The unelected boards of businessmen running most Super City services are coming round to the idea of opening their meetings to public scrutiny.

Auckland Transport has embraced Auckland Mayor Len Brown's election promise for council-controlled organisations to hold public meetings, but Watercare Services is not champing at the bit to throw open its doors.

Public concerns about the scope and powers of CCOs - which will run about 75 per cent of Super City services and spend hundreds of millions of dollars of ratepayers' money a year - led the Government to require them to hold two public meetings a year.

Yesterday, a spokesman for Mr Brown said the mayor had made his position quite clear.

"It's all down there in black and white. Wherever possible he wants CCOs to hold meetings in public and agendas of meetings to be published."

On Wednesday, a spokesman for Auckland Transport issued a statement quoting the legislative requirements of holding two meetings a year, adding "today's meeting - the first of the new board - is not open".

However, shortly afterwards the board voted unanimously to open all meetings to the public.

Chairman Mark Ford said the board was very mindful it was a steward of public money. While commercially sensitive issues would be taken behind closed doors, "the general principle will be openness", he said.

After a closed meeting of Watercare Services yesterday, board chairman Graeme Hawkins said the CCO had not had any discussions with the mayor or the mayor's office about public meetings. "Clearly if the mayor's office or the mayor wants us to have more open meetings we will comply and it won't be an issue," he said.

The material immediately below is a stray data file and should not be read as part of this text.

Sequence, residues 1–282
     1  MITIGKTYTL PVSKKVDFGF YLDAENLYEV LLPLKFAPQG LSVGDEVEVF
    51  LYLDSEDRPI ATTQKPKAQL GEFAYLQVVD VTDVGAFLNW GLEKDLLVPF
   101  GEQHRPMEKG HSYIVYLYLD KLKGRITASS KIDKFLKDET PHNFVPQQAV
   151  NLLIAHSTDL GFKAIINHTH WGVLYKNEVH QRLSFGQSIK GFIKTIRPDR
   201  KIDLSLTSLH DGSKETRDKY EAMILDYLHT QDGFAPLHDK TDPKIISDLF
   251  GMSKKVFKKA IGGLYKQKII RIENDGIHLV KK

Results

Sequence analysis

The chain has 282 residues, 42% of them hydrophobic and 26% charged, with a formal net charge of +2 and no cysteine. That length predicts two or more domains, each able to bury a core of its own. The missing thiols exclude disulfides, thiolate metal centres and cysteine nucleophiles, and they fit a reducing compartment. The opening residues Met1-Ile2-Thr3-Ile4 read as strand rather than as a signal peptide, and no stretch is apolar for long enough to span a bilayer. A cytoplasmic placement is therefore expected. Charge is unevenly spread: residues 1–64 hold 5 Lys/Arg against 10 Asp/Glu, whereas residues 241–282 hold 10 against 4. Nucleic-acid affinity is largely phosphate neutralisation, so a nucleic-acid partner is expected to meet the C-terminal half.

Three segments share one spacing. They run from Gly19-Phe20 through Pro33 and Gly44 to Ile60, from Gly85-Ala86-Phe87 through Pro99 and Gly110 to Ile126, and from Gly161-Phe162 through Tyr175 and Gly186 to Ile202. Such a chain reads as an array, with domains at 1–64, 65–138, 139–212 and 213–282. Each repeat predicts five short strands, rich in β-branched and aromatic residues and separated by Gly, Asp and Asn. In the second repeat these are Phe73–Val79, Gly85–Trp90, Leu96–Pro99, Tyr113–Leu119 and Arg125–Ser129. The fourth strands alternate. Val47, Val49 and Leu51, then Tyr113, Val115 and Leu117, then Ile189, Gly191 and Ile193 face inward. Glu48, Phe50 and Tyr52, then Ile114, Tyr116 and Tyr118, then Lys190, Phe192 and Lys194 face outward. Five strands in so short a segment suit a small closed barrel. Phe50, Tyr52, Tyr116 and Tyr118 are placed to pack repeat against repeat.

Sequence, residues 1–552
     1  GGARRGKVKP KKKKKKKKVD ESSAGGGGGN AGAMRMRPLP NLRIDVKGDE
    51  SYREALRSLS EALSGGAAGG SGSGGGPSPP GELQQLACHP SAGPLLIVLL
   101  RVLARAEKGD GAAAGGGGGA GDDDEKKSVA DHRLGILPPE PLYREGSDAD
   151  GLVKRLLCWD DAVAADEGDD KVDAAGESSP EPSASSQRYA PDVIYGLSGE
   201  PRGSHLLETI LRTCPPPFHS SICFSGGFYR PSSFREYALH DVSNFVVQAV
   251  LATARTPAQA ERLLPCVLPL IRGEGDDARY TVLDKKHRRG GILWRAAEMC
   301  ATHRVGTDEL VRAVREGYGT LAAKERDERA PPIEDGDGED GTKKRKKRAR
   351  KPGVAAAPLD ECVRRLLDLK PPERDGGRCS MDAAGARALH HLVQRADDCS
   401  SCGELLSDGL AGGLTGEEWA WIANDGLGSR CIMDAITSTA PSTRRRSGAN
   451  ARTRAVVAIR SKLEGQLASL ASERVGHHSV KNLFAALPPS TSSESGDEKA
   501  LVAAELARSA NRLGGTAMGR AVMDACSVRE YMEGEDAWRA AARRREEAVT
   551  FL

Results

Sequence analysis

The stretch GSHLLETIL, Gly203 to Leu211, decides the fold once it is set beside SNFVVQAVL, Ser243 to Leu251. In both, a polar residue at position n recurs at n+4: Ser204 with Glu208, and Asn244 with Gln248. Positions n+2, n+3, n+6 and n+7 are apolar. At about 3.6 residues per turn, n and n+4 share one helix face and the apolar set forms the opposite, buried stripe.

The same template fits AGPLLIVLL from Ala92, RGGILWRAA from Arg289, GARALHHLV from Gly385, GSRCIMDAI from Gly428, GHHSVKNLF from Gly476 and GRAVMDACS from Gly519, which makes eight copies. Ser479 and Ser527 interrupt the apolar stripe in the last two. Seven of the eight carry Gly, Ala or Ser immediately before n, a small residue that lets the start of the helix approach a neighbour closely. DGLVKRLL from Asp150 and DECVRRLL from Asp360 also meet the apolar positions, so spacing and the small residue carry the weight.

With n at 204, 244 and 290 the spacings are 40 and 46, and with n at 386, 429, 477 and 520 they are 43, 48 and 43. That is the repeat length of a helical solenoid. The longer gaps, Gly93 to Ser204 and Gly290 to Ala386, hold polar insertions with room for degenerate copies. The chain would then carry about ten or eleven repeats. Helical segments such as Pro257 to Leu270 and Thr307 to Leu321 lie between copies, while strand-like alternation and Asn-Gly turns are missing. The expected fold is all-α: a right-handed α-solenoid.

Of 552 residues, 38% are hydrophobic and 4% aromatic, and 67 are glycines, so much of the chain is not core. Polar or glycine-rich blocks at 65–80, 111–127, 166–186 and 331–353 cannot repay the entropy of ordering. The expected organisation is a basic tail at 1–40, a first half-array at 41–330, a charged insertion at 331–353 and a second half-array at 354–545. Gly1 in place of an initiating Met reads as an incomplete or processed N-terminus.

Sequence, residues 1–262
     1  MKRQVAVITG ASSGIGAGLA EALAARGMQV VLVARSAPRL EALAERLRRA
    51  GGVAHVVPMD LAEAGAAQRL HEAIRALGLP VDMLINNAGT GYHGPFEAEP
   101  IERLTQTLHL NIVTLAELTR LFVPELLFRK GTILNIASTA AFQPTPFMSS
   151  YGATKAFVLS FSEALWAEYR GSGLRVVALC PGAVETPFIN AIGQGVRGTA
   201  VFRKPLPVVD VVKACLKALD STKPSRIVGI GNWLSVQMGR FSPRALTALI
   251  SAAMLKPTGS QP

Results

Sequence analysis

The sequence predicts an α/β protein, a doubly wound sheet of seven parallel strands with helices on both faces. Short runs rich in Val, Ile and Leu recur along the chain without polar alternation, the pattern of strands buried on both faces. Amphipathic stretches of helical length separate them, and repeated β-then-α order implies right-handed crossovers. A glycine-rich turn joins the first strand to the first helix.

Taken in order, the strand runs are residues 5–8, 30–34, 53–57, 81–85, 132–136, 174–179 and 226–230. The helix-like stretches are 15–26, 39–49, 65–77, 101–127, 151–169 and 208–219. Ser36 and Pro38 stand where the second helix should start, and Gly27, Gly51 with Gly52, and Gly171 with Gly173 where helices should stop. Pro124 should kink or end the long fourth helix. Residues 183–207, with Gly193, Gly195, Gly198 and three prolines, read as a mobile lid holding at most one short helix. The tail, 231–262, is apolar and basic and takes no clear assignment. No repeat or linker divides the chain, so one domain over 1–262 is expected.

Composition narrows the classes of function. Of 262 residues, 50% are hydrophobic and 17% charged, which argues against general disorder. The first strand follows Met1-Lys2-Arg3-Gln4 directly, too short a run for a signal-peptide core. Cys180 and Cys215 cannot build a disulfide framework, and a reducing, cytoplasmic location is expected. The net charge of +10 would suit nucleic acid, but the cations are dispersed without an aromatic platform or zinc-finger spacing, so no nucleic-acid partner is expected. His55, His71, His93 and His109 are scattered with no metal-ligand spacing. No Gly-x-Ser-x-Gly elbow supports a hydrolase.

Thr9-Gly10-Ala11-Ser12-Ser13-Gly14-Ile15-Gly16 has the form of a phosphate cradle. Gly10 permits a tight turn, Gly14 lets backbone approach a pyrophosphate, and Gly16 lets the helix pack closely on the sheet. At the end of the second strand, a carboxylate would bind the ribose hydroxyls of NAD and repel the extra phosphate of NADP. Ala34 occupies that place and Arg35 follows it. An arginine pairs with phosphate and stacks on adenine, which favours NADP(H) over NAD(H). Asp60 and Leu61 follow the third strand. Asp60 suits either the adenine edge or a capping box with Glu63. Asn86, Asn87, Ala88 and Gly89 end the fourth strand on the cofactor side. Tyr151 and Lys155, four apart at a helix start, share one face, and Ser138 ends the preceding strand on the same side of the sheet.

The mayoral spokesman said every CCO had been made aware of Mr Brown's views on public meetings through the council's CCO monitoring unit.

"From my previous experience with public meetings you end up with almost tokenism in the public part and the real meeting actually takes place before the actual meeting or else it takes place in the confidential section," Mr Hawkins said.

Former Waitakere Mayor Bob Harvey said that as chairman of the waterfront CCO he was absolutely committed to Mr Brown's desire for openness, saying the first meeting of the waterfront development agency on Monday would be open to the public.

The Regional Facilities CCO, which runs everything from the Auckland Zoo to sporting and cultural venues, will hold its first meeting in public next Wednesday.

Meanwhile, Mr Hawkins said Mr Ford would return to his old job as chief executive of Watercare on January 1.

For the past 18 months, Mr Ford has been executive chairman of the Auckland Transition Agency tasked with melding the region's eight councils into the one Super City.

He has also picked up the Auckland Transport chairmanship for one year, but his annual fee of $105,000 will be paid to Watercare, where he will earn up to $724,500 a year.

Dr Ian Parton, who was appointed interim chief executive until March 31, will step aside on January 1 but keep his salary of between $540,000 and $550,000. Mr Hawkins said Dr Parton would be on holiday for one month, leaving a two-month overlap to hand over to Mr Ford.